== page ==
This patch, if wasn't already applied will be applied soon.

  • LMS283GF05 LCD SPI controller driver

    This hit mainline through the -mm tree. There's an article about this driver earlier this month.

  • The never ending tale of serial port power management hook goes on

    But this time it actually moved somewhere. Russell came up with some vast patch for selectively registering UARTs on PXA from platform definition files. If this patch will be combined with mine, which adds the hook, this tale might actually have a happy ending meaning we will finally be able to switch the level shifters and similar chips attached to UARTs on and off without pain.

  • UCB1400 touchscreen shivering

    Today, a friend of mine reported me that ucb1400_ts driver pretty much sucks. I gave it a go and he was right. Therefore we had two absolutely different platforms, but the same problem, the touchscreen was barely usable because of the shivering. The cursor was jumping like crazy even if the touchscreen was properly calibrated and all. He also suggested to check the ADCSYNC pin as it might help. So I started investigating around that. Not too long after that I noticed a kernel parameter which was set to 0 by default and which enables utilization of ADCSYNC pin by the touchscreen driver. Setting that to 1 made the touchscreen calm down and with that it works beautifully. I'm thinking of setting it to 1 be default in kernel and using the kernel parameter to set it to 0 since most platforms, if not all, have that pin connected (it's necessary to sync the touchscreen with LCD as not being in sync is the cause of shivering).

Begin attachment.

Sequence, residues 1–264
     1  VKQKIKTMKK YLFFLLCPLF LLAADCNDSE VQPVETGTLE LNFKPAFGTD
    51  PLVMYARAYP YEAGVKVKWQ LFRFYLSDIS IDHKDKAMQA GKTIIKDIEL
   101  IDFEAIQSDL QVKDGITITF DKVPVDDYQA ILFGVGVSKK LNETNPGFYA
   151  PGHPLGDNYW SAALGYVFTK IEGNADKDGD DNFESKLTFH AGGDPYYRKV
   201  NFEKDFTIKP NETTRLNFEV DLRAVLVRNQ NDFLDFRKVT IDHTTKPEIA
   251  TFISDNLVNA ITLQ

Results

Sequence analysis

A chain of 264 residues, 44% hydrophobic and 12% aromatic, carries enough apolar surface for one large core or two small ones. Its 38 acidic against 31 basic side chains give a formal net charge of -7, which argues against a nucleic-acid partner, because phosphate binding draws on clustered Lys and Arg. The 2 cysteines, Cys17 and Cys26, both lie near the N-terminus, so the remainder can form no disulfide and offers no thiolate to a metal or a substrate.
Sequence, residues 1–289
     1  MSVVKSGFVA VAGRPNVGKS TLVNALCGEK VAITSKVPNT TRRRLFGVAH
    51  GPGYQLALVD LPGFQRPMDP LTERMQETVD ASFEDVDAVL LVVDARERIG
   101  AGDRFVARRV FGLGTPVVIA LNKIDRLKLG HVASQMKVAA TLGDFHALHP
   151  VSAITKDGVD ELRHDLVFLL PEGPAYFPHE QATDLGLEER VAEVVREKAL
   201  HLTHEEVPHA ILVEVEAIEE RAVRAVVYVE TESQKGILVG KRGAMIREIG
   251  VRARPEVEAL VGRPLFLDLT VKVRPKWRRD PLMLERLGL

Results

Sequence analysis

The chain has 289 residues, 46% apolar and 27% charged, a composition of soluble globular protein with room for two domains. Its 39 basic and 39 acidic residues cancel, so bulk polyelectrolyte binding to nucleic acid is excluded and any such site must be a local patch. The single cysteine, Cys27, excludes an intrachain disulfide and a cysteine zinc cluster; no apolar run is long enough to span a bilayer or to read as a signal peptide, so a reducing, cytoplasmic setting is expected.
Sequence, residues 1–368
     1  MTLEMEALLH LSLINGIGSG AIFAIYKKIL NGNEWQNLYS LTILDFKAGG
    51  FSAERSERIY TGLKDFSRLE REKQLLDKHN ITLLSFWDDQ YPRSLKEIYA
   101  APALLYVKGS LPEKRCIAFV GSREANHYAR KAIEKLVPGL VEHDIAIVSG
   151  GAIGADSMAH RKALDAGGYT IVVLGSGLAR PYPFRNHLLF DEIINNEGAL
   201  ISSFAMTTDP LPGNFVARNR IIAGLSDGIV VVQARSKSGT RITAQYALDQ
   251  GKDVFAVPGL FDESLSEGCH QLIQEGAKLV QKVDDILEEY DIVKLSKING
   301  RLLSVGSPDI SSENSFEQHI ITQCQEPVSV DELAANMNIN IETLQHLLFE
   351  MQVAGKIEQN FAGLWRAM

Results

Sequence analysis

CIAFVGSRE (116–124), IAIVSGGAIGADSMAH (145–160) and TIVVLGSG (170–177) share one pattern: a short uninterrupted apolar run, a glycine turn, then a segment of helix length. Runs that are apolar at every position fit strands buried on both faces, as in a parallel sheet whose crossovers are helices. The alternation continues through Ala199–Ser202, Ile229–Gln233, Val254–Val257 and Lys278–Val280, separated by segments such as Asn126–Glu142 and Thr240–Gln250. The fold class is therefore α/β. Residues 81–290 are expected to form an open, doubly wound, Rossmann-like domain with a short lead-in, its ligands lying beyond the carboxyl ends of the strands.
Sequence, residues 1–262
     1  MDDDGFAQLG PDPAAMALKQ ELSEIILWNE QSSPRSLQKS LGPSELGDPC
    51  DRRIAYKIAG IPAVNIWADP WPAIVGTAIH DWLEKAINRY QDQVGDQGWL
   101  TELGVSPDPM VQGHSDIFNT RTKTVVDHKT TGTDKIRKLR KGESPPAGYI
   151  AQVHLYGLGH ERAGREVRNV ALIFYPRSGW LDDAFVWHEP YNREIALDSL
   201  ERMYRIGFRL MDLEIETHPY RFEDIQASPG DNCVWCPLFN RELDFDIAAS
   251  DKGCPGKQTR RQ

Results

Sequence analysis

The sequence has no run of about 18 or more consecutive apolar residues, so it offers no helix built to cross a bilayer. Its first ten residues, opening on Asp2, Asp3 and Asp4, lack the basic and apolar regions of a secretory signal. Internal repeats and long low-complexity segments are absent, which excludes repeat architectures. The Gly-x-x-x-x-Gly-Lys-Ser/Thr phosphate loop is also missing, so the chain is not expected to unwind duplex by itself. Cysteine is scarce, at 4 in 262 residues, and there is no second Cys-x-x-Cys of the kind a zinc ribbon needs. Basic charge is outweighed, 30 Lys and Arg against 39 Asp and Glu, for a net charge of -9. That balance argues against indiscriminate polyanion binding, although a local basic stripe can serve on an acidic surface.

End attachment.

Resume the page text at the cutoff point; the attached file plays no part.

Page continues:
• Updates to Palm Tungsten|C patches

    I also updated to Palm Tungsten|C patchset to incorporate the ucb1400 change as well as a few other fixes.